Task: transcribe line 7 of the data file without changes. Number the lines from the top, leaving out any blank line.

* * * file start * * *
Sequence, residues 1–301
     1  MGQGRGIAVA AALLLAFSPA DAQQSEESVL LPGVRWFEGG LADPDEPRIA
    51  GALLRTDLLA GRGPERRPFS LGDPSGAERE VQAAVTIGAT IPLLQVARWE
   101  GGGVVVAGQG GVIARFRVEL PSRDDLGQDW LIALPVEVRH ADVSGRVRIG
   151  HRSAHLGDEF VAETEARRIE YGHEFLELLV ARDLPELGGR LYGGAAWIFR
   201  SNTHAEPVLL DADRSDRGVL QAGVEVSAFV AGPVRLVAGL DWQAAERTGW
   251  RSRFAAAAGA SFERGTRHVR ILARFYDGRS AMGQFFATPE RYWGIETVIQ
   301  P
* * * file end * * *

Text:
   251  RSRFAAAAGA SFERGTRHVR ILARFYDGRS AMGQFFATPE RYWGIETVIQ